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MARCOS VALELLA GRANDMOTHER

Two velvet club chairs nestle around a table and lamp. Books on shelves are punctuated by objects: an amp, a polaroid camera, etc. Set dressing includes botanical and entomological prints of moths or butterflies. Unremarkable enough not to draw attention to where they lean above the bookshelves, the prints make quiet reference to man’s taxonomic drive to arrange and classify. When Linnaeus named the order Lepidoptera, Samuel Johnson was making his Dictionary of the English Language and Diderot the Encyclopédie, a very different time for the book.

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Sussman’s “Rape of the Sabine Women” is a break up of her 80-minute operatic film now projecting simultaneously in five acts at the Bass Museum. Her version of the tale transports Rome’s mythical history to an era loosely set in the 1960s with scenes that recall the neoclassical formula of Jacques-Louis David.

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Alfred Hitchcock explains what a McGuffin is to Francois Truffaut with a story: It might be a Scottish name, taken from a story about two men on a train. One man says “What’s that package up there in the baggage rack?”, and the other answers, “Oh, that’s a McGuffin.” The first one asks “What’s a McGuffin?” “Well,” the other man says, “It’s an apparatus for trapping lions in the Scottish Highlands.” The first man says, “But there are no lions in the Scottish Highlands,” and the other one answers, “Well, then that’s no McGuffin!” You see, a McGuffin is nothing at all.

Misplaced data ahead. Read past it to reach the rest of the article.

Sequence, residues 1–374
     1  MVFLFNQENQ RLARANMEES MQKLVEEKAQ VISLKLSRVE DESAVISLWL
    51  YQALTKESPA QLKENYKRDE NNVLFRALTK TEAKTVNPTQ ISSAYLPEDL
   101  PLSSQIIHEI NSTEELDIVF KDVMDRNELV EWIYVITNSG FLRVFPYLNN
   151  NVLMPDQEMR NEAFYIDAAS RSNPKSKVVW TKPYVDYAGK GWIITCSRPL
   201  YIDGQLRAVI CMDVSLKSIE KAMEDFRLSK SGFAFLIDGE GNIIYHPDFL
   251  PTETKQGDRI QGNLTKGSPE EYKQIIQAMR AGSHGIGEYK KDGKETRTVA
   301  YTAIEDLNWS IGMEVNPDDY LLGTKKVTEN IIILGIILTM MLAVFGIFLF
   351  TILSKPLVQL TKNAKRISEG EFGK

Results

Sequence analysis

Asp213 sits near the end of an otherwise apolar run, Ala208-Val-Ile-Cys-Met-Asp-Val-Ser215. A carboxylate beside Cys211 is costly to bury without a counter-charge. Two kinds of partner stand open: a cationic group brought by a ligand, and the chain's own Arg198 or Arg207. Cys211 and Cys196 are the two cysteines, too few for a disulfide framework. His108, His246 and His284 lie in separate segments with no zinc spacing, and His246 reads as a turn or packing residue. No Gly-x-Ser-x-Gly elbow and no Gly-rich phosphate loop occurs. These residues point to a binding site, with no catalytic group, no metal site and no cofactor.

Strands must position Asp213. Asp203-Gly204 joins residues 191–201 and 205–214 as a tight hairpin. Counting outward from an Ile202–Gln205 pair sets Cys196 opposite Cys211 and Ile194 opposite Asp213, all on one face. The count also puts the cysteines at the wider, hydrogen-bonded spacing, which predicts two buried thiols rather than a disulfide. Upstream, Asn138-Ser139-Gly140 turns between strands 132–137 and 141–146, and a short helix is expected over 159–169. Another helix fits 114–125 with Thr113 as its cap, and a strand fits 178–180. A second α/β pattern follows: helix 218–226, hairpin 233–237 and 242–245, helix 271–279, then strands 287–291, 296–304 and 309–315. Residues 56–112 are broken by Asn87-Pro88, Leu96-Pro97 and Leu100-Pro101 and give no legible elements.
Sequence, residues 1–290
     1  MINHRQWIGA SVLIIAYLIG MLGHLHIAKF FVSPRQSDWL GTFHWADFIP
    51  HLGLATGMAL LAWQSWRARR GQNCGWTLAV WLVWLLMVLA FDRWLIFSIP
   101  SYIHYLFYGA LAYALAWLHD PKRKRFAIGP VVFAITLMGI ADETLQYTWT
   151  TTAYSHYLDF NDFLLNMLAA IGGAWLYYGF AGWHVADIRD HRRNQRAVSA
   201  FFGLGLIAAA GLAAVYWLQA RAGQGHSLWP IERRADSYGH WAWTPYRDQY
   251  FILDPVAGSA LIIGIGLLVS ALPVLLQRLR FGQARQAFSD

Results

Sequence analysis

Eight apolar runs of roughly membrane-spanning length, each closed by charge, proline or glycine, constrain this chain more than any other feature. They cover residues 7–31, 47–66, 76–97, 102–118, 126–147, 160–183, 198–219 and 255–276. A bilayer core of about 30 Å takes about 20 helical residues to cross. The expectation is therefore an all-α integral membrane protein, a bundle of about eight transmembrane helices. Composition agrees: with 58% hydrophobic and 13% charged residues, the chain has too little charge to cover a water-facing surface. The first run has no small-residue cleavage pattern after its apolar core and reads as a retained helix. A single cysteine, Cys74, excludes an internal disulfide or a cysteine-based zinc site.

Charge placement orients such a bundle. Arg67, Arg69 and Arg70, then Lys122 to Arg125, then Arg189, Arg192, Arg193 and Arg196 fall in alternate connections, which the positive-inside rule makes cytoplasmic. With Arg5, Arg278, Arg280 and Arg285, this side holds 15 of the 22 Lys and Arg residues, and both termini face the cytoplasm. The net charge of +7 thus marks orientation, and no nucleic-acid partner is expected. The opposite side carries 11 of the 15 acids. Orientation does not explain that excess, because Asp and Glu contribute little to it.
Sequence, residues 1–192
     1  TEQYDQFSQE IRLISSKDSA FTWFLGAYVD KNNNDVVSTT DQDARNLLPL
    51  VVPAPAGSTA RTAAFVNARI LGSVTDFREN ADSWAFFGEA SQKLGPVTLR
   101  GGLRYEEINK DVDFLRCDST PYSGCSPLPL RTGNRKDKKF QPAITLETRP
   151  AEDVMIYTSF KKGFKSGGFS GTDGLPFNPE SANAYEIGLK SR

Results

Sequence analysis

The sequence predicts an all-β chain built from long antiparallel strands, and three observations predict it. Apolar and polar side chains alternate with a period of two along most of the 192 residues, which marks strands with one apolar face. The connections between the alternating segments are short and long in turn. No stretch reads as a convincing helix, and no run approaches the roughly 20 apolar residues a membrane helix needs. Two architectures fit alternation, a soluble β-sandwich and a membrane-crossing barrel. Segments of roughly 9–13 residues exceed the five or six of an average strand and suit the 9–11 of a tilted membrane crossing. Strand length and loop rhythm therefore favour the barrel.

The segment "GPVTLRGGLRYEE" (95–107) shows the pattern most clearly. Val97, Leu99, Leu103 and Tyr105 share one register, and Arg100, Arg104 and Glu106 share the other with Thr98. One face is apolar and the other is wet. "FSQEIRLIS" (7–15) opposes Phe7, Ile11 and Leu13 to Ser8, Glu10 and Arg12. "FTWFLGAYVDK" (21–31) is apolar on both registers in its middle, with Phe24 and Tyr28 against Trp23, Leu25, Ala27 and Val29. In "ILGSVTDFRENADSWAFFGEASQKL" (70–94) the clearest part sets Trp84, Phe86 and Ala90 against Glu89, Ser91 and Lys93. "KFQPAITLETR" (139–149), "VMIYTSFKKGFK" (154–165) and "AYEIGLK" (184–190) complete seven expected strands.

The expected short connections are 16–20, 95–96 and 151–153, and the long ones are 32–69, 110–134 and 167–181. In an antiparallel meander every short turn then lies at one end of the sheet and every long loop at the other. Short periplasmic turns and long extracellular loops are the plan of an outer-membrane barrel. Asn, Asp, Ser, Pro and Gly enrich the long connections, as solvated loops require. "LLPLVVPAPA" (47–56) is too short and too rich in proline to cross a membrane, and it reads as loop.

Martin Kippenberger Paris Bar

The Hamburger Bahnhof, a former railway station that now houses the Museum für Gegenwart, or Museum for the Present, is intimidatingly large. Seeing so few works of Kippenberger’s on its clinically austere walls is like viewing an eruption through a peephole, but the exhibition still manages to convey that he was a master of many styles—from abstraction to impressionism to realism—as much as a playful, sloppy interlocutor of conceptual games and unceasing appropriation. He was a man of highs and lows who dragged from the spectrum of his own experience.

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The Lost Boys of J.M. Barrie’s Peter Pan are something of a misnomer. As the story goes, they were misplaced by their mothers and, having gone unclaimed for several days, were taken to Neverland. The Lost Boys barely had time to feel lost before being thrust into an environment that would inevitably shape their personal narratives. The sentiment is the same in Doğan Arslanoğlu’s and Johnny Laderer’s show at the David Castillo Gallery. Here, the story’s protagonists are not lost; instead, they are carving out a home, a narrative composed of intimate experience, nostalgia, the effect of place on a boy’s self-actualization.

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The occasion for this text was a four-night gathering in which each contributor gave a talk about hermeticism and Laruelle’s work. A version of each lecture is published here. But it is perhaps another, more tangential occasion that equally colors this work: that of the original text’s translation. “Du Noir Univers” was first translated for an exhibition catalogue for Hyun Soo Choi’s black paintings in 1991. So while the true concerns of “On the Black Universe: In the Human Foundations of Color” are ontological, it is perhaps forgivable to approach it aesthetically. The cover is printed black on black, and the text interspersed with stills from Aaron Metté’s 2012 video which shares the same title as Laruelle’s essay. It looks at home on Mayhem’s merch table.